The Atari STe – Still The World’s Tightest Music Computer

Atari_STEHexfix93 (Velvet Acid Christ) has been doing some tests, trying to figure out which computer/sequencer combination is the tightest for doing electronic music.

He tested sequencers by sequencing a series of 16th notes, recording the output, viewing it in an audio editor and checking how much the 16th notes deviated from where they should be. .

He found three computer/sequencer combinations that he thinks are tighter than anything produced today – and they’re all ancient.

The winner?

The Atari STe:

The Atari STe is monochrome in 640×480 max res, 8mhz, yes, 8mhz motorola 68000 processor, with 720k floppy drive and no hard drive, external mouse and monitor, a space hog. Doesn’t make noise though.

The timing is super tight with drums, if you put the drums on midi channel 1 and bass on midi 2, and put the hardware for the drums and bass 1 and 2 on the midi out chain, the drums and bass will be super tight. You can throw 170 bpm 32nd and 64th notes at it and doesn’t choke. It’s amazing.

If you are doing aggressive electronic, high temp, or glitchy stuff with hardware, these are the best sequencers. No PC or modern MAC can match it.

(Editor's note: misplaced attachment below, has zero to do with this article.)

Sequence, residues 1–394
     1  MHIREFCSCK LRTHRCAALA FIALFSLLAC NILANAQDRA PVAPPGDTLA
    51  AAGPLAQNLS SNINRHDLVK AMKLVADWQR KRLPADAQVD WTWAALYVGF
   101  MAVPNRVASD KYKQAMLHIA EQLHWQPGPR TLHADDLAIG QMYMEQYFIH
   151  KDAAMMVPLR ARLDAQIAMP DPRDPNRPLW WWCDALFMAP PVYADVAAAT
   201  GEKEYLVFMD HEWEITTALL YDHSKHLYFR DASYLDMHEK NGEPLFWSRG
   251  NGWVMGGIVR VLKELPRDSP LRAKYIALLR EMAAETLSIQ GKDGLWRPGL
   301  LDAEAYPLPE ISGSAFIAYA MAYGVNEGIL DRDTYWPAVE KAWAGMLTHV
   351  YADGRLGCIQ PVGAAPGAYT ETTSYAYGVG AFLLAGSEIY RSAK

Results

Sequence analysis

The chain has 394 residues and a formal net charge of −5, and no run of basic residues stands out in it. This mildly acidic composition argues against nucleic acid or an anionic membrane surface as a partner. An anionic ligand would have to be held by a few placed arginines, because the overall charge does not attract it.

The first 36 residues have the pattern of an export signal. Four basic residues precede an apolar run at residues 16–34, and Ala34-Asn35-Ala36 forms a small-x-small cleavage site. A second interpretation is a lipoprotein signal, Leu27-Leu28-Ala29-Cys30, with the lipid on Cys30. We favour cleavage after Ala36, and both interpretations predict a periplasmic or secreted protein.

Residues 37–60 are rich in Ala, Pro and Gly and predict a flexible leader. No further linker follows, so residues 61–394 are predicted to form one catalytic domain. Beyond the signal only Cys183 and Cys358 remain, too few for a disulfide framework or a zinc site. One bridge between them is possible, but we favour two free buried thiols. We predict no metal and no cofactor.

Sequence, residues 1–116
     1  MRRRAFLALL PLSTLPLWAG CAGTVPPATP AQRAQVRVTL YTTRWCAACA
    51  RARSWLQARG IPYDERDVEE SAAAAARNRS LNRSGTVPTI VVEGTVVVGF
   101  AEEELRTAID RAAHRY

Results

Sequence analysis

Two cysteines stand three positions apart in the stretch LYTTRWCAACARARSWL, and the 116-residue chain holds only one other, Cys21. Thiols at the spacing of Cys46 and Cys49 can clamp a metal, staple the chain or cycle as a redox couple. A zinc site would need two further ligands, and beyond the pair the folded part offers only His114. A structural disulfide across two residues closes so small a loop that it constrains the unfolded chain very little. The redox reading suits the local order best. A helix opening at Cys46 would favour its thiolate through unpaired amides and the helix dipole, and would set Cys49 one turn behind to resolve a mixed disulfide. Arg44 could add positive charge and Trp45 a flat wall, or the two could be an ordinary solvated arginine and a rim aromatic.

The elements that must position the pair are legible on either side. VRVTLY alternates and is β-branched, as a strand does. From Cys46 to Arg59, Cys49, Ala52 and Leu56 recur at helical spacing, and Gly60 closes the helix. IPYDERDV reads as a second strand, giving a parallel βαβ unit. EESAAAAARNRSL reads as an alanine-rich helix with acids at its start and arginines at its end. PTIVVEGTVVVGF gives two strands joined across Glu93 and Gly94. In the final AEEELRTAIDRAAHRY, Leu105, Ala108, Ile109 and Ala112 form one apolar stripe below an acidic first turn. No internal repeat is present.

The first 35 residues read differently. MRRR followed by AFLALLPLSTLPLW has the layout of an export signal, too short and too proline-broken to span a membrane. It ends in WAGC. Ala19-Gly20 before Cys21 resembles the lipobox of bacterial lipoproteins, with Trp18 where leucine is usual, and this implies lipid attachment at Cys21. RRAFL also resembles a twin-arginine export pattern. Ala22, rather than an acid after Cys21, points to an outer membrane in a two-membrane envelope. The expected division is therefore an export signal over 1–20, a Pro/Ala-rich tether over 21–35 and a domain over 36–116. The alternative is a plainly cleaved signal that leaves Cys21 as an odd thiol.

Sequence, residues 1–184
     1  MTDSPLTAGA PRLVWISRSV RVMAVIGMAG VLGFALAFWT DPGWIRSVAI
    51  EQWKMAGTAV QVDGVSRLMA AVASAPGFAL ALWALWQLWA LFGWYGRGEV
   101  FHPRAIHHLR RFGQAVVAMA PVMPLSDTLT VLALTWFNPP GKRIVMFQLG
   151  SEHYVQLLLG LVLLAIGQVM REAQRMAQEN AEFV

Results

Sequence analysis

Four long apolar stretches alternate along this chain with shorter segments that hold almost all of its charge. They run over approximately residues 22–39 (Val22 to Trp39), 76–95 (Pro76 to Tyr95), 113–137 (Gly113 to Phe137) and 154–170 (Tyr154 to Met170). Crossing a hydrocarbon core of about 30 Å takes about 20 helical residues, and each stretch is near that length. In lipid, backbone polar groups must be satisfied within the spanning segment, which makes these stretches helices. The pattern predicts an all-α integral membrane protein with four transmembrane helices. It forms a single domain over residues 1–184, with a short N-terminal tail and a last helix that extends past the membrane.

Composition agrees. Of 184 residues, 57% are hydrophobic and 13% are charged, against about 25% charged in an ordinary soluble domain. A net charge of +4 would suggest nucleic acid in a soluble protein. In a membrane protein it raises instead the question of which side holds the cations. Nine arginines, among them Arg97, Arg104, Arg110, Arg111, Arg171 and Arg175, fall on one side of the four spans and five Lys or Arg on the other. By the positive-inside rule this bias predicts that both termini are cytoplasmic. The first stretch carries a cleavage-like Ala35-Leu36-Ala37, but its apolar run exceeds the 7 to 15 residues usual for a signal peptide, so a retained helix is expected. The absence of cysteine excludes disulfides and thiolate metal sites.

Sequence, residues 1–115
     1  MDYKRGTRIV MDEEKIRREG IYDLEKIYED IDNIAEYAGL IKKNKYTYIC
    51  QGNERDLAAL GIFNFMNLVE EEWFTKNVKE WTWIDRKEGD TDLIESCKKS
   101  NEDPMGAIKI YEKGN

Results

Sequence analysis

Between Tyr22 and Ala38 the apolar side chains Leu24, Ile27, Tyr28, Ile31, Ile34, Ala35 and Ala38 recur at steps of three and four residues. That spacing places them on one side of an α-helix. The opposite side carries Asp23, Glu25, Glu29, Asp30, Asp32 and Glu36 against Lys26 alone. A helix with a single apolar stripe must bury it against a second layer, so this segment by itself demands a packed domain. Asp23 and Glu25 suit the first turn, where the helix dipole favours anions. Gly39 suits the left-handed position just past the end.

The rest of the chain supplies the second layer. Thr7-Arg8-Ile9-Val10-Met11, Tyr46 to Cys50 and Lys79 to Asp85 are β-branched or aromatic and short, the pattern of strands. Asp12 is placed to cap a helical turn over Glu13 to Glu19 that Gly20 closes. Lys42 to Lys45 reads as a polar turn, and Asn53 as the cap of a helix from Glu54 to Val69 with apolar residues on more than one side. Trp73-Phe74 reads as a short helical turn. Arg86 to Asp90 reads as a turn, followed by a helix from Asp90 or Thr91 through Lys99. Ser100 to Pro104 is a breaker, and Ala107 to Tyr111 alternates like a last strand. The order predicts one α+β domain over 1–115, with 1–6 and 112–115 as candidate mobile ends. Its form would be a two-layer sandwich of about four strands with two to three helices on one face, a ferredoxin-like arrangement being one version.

How tight is the Atari STe?

Tight to 1ms.

Anyone else try tests like this?

It seems a bit pathetic that the tightest computer for sequencing would be 20 years old.

(Via Synthtopia.)

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2 thoughts on “The Atari STe – Still The World’s Tightest Music Computer

  1. Doesn’t surprise me. The Atari has built in midi-ports, you don’t have to use external soundcards and boxes. On top of that: the Atari is dedicated: no virus scanners, multi-tasking, updates, background processes.
    Most Atari users know this and that’s why the Atari is still used by musicians.

  2. Chances are the bulk of that 1mS will be caused by the drum machine, followed by a slight delay cased by MIDI information around the note info, then the ST itself.

    Sequencers like Cubase used to prioritise the first 8 tracks, regardless of the MIDI channel, for timing accuracy, so a General MIDI instrument (Which ALWAYS had drums on channel 10) could have it’s drum info tightened up by moving the track to track 1 within Cubase.

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